Singh in gut-wrenchingly splendid isolation

If it is isolated at the top, it is scarcely very crowded a few rungs down either. Not if you are a British wrestler. In a national team that includes 12 horse grooms, four mountain bikers and any number of physiotherapists, Amarjit Singh stood alone yesterday.

He was the British wrestling team at the Georgia World Congress Centre. All 19 stone of him. But even with this mass of muscle that makes you wonder whether he ought to have a special licence to walk the pavements, a paltry squad of himself and a trainer was hardly an imposing one compared with the dozens of fighters and aides in American uniforms.

It rather summed up what the super-heavyweight has had to go through to get to Atlanta. Other wrestlers can train regularly with similar-sized men all year round. Singh, 25, from Wolverhampton, finds most of his toughest opponents in the gym, and they are the weights he pits his body against. Perhaps he should take up equine grooming: at least he would have someone to talk to.

It is a bleak scenario, hardly likely to develop a gold medallist, as Granit Taropin, who has coached the Russian and Indian wrestlers and is now in charge of Britain's, acknowledged: "He's our only international- class wrestler," he said. "Six months ago he was a low standard, but he practised in the Ukraine for six weeks in the build-up to the Games and improved a lot. Other wrestlers have been working for four years.

"If I had the thousand best coaches in the world, it would mean nothing without money, organisation and good competition. Amarjit needs eight good competitions a year. At the moment he's fighting once or twice. It's not enough."

Taropin lives in Glasgow and sees Singh once a month if he is lucky, yet if all this made you feel a mite sorry for the Briton, you had to say he looked the part yesterday. A heavy, drooping moustache gave him a menacing air that his tree-trunk arms did not dispel. Given a good draw, you felt, and he might have a chance. A look at the record of his first opponent, however, showed that fate had not been benign. Visually, Ebrahim Mehraban Roudbaneh probably came in second place to the Briton, but his CV includes two Asian championships. In Iran he is an idol, a national figure; Singh is barely a household name in his own street.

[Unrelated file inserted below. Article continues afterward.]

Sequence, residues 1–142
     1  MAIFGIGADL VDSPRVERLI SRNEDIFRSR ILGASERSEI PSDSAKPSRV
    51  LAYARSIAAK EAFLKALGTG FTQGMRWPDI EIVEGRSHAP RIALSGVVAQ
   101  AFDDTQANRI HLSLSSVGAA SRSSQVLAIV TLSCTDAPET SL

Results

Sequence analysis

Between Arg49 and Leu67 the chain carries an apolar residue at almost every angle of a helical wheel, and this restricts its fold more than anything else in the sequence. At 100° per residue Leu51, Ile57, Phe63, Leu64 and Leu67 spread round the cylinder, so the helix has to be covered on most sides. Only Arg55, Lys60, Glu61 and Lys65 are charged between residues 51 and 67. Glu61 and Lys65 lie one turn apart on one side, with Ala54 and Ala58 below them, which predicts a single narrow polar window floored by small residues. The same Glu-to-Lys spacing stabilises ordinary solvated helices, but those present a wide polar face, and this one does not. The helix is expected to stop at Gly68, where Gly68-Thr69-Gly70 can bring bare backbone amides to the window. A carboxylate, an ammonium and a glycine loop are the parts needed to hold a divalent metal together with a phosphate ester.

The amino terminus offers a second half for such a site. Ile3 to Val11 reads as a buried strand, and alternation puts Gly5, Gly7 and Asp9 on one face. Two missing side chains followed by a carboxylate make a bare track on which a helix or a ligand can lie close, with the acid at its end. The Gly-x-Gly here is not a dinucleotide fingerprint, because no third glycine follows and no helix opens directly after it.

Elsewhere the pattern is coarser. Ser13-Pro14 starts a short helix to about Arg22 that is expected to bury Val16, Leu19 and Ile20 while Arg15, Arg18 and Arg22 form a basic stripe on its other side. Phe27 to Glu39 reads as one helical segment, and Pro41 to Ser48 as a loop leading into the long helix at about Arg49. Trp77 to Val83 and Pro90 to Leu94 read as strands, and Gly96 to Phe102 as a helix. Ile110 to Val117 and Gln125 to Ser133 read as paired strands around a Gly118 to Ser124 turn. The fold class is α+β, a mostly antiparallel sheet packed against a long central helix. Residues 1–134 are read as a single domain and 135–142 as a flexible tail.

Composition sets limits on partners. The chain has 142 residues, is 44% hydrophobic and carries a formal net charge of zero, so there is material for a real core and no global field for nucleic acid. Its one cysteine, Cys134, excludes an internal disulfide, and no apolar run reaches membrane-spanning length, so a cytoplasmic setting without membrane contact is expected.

As soon as the fight started, the paper disparity was confirmed. The super-heavyweights do not indulge in many moves, and their repertoire is confined to the gut-wrench and the ankle cross. Singh, whose cousin Ravinder fought for Britain at the 1988 Games, spent most of his time straining to keep upright, never mind laying an attacking paw on the Iranian. One thing that wrestling has which football, regrettably, does not is a penalty for insufficient attacking, and faced by the massive strength of Mehraban, Singh was soon penalised for passivity. Indeed, by the end he was one caution away from being disqualified.

Which would merely have pre-empted the inevitable as Singh lost 6-2 and faced a succession of bouts against other losers to find his rank in the competition. "He's in the top six in the world," Singh muttered shyly afterwards. "I did OK."

His coach thought so, too. "I expected him to lose because the Iranian is very strong," he said. "You must realise that in Iran wrestling is the No 1 sport; it is a tradition out there. They have many, many fighters to choose from."

While Taropin was talking, Singh was left to contemplate defeat in the warm-up room. He was isolated again, this time with his thoughts.